Changes in Training and Conduct of Youth
A once-dominant goal of American education—shaping of the moral character of the young—is gaining prominence in educational planning again after a period of relative neglect. The reason is not hard to find. What has been happening in the “youth culture” during the past few years has brought home a painful message. The nation's schools have not been effectively inculcating in their pupils the traditional virtues of the good citizen: honesty, sobriety, industriousness, sense of duty, regard for the rights of others, respect for constituted authority, and so forth.
The same could be said also of the two other chief agents of moral instruction: the family and the church. But modern society has come to rely mainly on the school to handle a major share of the job of “civilizing” its young. Extension of the years of schooling and proliferation of school-connected activities keep younger members of the family out of parental sight for most of their waking hours. The American child is beyond reach of the school only during his infant years, and he may be well into his third decade of life before the schools are through with him.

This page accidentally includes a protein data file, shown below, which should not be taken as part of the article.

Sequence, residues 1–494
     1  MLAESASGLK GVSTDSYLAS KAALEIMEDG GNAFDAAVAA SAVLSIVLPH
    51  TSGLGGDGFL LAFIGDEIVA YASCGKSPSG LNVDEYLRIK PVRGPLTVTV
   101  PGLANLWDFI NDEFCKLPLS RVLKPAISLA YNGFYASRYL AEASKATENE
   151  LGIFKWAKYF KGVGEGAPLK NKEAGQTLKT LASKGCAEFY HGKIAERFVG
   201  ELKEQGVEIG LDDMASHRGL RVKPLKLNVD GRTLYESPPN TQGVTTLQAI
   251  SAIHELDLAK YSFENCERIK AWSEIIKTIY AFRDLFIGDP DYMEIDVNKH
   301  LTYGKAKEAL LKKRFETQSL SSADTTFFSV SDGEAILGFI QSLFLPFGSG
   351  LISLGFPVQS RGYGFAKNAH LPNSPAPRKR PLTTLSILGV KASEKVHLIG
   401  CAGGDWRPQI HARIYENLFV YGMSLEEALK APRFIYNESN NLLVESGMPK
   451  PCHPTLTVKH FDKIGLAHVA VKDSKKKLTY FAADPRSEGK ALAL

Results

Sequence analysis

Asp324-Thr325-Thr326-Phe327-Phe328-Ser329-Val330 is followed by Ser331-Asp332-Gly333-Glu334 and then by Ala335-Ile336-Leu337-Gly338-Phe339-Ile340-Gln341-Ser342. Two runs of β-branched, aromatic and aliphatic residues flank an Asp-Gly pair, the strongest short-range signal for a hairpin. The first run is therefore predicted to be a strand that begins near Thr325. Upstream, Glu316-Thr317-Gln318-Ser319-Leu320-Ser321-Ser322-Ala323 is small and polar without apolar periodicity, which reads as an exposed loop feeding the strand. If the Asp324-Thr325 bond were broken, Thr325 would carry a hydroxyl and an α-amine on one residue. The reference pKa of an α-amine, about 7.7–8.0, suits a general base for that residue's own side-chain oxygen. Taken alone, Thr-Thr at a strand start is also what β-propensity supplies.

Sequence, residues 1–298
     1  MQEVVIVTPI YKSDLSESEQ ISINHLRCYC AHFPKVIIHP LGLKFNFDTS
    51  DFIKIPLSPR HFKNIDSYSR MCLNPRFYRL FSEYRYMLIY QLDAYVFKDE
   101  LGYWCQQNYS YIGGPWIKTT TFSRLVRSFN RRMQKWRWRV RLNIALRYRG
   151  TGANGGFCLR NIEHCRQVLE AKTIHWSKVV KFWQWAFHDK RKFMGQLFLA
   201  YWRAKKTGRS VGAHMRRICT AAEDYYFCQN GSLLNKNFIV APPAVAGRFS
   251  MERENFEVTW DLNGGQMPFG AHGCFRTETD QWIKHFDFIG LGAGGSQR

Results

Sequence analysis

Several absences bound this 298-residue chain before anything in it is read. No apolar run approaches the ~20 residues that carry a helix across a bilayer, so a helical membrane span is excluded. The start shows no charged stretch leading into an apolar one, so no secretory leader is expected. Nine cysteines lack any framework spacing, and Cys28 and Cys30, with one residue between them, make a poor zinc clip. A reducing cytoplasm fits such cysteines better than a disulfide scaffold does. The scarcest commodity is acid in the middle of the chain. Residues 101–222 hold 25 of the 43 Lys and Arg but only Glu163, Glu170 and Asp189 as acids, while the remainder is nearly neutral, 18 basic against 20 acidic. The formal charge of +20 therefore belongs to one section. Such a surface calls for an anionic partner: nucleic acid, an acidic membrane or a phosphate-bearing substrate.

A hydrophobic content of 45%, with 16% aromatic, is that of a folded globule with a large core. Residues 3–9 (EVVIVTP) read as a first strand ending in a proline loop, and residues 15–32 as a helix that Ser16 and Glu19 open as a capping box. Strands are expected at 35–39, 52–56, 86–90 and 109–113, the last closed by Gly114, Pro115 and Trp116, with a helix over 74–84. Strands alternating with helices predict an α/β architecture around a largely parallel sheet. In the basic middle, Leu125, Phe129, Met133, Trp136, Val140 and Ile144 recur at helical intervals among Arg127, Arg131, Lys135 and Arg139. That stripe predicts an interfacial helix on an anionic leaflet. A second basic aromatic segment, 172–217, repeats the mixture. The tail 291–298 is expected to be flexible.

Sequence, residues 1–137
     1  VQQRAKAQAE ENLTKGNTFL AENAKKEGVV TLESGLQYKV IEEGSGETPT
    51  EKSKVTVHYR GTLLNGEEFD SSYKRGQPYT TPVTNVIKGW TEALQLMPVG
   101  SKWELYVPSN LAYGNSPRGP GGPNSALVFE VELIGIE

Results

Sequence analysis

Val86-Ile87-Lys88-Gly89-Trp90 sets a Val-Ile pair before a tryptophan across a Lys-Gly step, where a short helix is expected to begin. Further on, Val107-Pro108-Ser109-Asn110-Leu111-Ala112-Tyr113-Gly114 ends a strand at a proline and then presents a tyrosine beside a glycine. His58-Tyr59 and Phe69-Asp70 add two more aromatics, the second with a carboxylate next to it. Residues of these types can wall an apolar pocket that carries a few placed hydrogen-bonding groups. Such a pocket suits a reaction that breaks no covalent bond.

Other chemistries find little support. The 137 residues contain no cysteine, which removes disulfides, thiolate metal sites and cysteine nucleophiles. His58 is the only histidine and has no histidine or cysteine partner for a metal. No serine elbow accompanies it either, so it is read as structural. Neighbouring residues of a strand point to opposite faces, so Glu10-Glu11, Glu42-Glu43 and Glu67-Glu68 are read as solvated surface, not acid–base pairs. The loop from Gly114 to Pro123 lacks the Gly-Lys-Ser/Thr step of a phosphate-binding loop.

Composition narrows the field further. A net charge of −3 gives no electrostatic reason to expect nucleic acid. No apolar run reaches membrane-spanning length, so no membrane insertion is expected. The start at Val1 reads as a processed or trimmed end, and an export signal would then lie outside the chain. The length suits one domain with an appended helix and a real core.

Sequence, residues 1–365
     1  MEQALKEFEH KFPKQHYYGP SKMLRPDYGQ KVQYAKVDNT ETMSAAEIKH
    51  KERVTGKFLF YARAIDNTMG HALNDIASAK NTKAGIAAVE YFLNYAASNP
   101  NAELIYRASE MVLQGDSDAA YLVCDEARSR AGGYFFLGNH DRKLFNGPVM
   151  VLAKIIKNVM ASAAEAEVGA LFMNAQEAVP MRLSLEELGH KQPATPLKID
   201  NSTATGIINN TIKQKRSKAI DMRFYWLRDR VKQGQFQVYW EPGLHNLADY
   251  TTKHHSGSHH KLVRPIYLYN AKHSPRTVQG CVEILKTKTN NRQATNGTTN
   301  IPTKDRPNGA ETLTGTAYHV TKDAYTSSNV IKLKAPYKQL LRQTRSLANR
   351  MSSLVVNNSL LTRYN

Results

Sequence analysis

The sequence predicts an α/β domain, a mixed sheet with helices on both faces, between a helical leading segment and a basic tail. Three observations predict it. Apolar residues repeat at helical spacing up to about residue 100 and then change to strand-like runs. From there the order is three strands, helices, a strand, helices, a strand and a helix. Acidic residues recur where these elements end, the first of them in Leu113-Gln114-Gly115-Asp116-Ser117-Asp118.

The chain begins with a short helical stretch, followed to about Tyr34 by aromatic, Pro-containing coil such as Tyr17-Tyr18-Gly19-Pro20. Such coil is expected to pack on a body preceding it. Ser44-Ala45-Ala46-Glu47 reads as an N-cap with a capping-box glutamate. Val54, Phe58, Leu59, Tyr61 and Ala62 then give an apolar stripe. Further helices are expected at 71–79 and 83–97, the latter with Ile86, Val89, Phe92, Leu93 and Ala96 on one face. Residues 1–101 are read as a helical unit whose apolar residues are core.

Rise of School as Leader in Teaching of Morals
The diminishing influence of the church over the morals of the young has been the subject of many sermons. Although the church until comparatively recent years exerted a major influence over character education in the officially secular public schools, it is now totally excluded from their classrooms. A Supreme Court decision in 1963 outlawing compulsory reading of the Bible or recital of the Lord's Prayer in tax-supported schools put an end to use of religion there as a basis of moral instruction.